Grind for January 7th, 2019
“Where there is shouting, there is no true knowledge.”
– Leonardo da Vinci
US House opens state-of-the-art daycare center
House lawmakers and staff will soon have the opportunity to send their children to an exclusive daycare center with a playground that looks like a miniature National Mall.
“This is the only Washington Monument in DC that you can climb up,” jokes GOP lawmaker Kevin McCarthy, who helped design the playground and secure funds to build the facility.
The daycare center, which cost $12 million in taxpayer dollars and occupies 26,000 square feet of space adjacent to the Capitol, is expected to boost lawmakers’ attenance.
In response to criticism over the use of taxpayer funds to build the facility, McCarthy says it’s important to keep quality staff on the Hill no matter what:
“If somebody is working for you and wants to continue to serve government, but says ‘I don’t have daycare so I can’t stay here, the wait list is too long, the quality is not there,’ then you are disadvantaging who can actually serve and work in government at the same time.”
When it opens this month, the daycare center will have the capacity to care for up to 120 infants and toddlers. Later in the year, a second phase will add facilities and staff for up to 122 preschoolers.
Before the expansion, parents had to wait up to three years for daycare.
This means parents were putting their names on the waiting list before getting pregnant or in many cases leaving Capitol Hill to start a family.
“It’s really upsetting to see because they make the decision to leave the Hill and leave public service because the cost of private day care is difficult to maintain on some of the congressional salaries,” says Melissa Murphy, chief of staff for Rep. David Rouzer (R-NC).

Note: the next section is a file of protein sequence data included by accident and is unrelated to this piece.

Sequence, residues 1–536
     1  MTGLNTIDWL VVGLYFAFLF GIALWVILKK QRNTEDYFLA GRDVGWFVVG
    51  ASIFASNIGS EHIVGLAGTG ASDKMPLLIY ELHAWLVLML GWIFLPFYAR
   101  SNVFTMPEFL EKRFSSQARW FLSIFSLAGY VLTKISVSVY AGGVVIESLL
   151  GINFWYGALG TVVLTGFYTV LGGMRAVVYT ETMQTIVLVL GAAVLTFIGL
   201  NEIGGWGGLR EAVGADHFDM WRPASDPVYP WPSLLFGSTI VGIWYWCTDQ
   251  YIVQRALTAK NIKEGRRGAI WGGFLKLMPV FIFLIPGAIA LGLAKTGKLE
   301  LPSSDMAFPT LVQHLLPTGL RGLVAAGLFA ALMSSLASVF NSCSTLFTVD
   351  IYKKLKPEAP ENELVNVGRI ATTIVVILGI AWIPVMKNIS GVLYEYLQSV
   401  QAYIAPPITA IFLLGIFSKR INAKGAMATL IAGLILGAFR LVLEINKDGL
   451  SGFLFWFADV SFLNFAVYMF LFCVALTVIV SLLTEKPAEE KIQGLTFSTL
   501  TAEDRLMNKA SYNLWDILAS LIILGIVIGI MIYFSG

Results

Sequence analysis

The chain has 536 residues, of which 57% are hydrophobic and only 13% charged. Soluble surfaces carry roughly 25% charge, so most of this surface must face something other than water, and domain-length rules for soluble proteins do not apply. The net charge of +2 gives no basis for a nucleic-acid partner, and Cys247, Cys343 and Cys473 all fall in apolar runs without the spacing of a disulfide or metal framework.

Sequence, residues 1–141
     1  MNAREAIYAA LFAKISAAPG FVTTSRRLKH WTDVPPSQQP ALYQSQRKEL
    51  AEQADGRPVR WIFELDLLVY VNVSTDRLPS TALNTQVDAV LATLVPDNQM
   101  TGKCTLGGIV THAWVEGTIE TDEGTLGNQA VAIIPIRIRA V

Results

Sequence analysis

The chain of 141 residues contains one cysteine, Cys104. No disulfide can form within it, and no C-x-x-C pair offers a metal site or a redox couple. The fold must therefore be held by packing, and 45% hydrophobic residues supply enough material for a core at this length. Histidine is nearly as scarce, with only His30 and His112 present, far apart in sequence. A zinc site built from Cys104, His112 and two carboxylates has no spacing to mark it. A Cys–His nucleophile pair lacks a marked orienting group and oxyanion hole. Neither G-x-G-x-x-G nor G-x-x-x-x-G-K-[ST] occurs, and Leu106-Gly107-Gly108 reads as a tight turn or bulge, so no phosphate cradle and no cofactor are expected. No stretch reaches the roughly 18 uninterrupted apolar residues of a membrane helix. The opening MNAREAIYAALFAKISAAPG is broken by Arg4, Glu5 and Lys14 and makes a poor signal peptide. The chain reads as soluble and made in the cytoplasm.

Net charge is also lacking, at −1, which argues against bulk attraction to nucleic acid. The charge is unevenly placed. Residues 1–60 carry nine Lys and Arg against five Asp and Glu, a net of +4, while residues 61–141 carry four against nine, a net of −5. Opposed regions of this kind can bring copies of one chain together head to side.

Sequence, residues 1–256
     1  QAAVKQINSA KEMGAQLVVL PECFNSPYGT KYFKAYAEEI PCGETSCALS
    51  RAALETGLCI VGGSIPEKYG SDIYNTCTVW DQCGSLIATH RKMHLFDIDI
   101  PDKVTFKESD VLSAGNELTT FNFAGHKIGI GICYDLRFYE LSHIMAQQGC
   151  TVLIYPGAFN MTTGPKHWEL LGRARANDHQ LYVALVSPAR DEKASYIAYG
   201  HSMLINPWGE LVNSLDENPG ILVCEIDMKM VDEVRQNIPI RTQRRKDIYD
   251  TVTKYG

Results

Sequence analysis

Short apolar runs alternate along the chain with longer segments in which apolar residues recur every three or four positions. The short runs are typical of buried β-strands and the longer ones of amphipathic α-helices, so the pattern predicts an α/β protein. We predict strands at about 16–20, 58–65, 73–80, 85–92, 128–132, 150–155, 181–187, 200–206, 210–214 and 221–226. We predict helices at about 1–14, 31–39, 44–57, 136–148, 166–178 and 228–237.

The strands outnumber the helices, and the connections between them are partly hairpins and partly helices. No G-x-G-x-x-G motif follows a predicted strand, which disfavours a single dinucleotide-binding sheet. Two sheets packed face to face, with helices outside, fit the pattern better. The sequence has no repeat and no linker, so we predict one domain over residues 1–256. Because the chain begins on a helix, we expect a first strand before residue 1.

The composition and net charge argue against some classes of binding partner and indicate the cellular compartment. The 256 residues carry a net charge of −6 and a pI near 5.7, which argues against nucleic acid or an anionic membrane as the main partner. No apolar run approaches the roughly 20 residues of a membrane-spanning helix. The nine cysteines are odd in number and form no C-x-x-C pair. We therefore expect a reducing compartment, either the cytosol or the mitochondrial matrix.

The new daycare center will cost parents between $1,100 and $1,700 per month, which is far less than the average for private daycare in the DC area.
Latest cyberattack targets major US newspapers
Several major US newspapers were hit with a malware attack last weekend that left them unable to send content to the printing press.
Papers delayed by the attack include: the Wall Street Journal, the Los Angeles Times, the New York Times, the San Diego Union Tribune, and South Florida’s Sun Sentinel
“Usually when someone tries to disrupt a significant digital resource like a newspaper, you’re looking at an experienced and sophisticated hacker,” explains Pam Dixon, who directs the nonprofit group World Privacy Forum.
In addition, the holidays are a “well known time for mischief” by hackers because they know organizations are thinly staffed.
While the source of the attack remains unknown, experts are certain it was launched from somewhere outside the US.
Because the hackers did not demand money or steal information, the attack was likely intended to prevent Americans from reading the news.
The idea that foreign actors could block the printing of newspapers is particularly troubling, as it would force Americans to get their news from less-reliable sources like social media.
Unfortunately up to 68% of American adults already get their news from social media (even if they don’t trust it).
The key takeaway here is that unless we do something to protect the media, we could be headed towards a future in which we can’t believe the newspapers.
And at that point, Democracy breaks down.
GOOD TO THE LAST DROP:
Did you know… Aluminum used to be more valuable than gold!